Nothing but blue skies

Blue skies smilin’ at me
Nothing but blue skies, do I see
Blue days all of them gone
Nothin’ but blue skies from now on
It may not seem the right time in history to quote Irving Berlin’s lyrics but yesterday was a lovely day. The wind dropped and it was almost a scorcher. But after the much-needed rain failed to appear on Sunday I am worried for some of the new planting – I mustn’t moan but I knew when it stopped raining it would forget to start again! But the morning started with a light frost and it caught the alstroemerias that were poking through a the last magnolia bloom – not significant though and the Japanese maple is planted with a little overhead cover and that saved the delicate new shoots. So I looked at the black mulberry to see what it was up to. I always think it is the wisest plant in the garden because it always waits till the last frost before opening its leaves – it is still waiting.
Almost as tardy is my Prunus ‘February Pink’. It waited till May the first year before opening so I suppose I should be glad it has managed to flower in April this year – completely misnamed though!
And on a blue theme, praise again for the perennial violas. Here is ‘Icy but spicy’ and ‘Blue Moon’. This is their second year and they pulled through winter and are now in full bloom, scenting the air and attracting bees and butterflies. It is curious what you notice in a photograph and not in real life – that bit of couch grass (crab grass) in the middle is really annoying me. And I had not noticed that I must have a sizeable slug population among the plants judging by the many holes in the petals below.

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8 Comments on “Nothing but blue skies”

  1. Anonymous
    April 15, 2020 at 8:45 am #

    So true, a little rain wouldn’t be a bad thing but it’s hard to complain when the weather is so beautiful for once!
    How did all your seedlings cope with frost in the polytunnel. Do you cover them ?

    • thebikinggardener
      April 15, 2020 at 4:44 pm #

      True, Most of the seedlings are of hardy plants so will be OK.

  2. tonytomeo
    April 15, 2020 at 9:15 am #

    Is that a pindo palm in front of the Mediterranean fan palm? Was that always there?

    • thebikinggardener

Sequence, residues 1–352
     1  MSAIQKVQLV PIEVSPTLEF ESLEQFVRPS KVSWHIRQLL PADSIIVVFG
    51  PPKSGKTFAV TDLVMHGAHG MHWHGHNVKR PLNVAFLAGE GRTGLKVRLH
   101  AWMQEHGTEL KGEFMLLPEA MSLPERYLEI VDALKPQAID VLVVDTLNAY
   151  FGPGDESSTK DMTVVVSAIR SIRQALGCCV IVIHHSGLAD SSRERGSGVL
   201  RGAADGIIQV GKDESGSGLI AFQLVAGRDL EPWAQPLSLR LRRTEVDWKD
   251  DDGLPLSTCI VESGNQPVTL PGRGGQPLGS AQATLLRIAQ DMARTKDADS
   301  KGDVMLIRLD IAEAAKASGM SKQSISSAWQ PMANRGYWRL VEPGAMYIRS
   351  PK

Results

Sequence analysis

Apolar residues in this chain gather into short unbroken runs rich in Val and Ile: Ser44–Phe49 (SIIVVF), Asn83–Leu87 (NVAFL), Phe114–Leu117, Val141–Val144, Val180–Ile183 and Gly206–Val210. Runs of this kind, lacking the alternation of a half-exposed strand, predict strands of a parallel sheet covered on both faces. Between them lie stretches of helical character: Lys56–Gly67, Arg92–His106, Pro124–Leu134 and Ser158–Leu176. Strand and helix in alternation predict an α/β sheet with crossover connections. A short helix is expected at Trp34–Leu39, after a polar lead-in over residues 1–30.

April 15, 2020 at 4:43 pm #

      Well done! I do not know it as pindo palm but yes it is Butia capitata. I have had it many many years and it was stunted in a pot most of its life. I used to keep it in a cold greenhouse when I and it were in the UK but it has been outside two winters in Ireland, one in a pot by the house and the last in the garden where you can see it. It has not been a very cold winter but it looks as good as it ever has. It may have to move one more time when I decide on the raised beds – it is planted in a mound because the soil in this location is a bit waterlogged in winter – but if it does move it will be quick and careful – and final. It is supposed to be one of the few that is hardy in this part of the world and it has certainly coped with the continual storms this spring.

      • tonytomeo
        April 15, 2020 at 9:39 pm #

        I did not consider hardiness. I consider it to be rather resilient, but of course, it does not get very cool here. There are so many palms that it is difficult to select just a few to grow. I just recently canned two nice Mexican fan palms from a house that is to be demolished. They were so rad, but I had no idea what to do with them. Fortunately, the guy who moved out of the house took one to his new house.

  3. Paddy Tobin
    April 15, 2020 at 10:44 am #

    Likewise, a beautiful day here with blue skies and gardening in short-sleeved shirt. The frost was more gentle with us and left no noticeable mark on anything.

    Re the photograph and the couch grass. I find the same with photographs. I go with friends to find native orchids and take countless photographs of each flower, full flower, close-up etc etc and it really is amazing the detail you can see and appreciate later when viewing on screen.

    • thebikinggardener
      April 15, 2020 at 4:39 pm #

      We had a sharper frost this morning that did for the corylopsis and damaged the acer but that is how it goes. Yes – it is like proof reading – you can read it a dozen times on the screen but you only see the errors when it is print!

      • Paddy Tobin
        April 15, 2020 at 7:36 pm #

        We are escaping so as we had no frost last night either.

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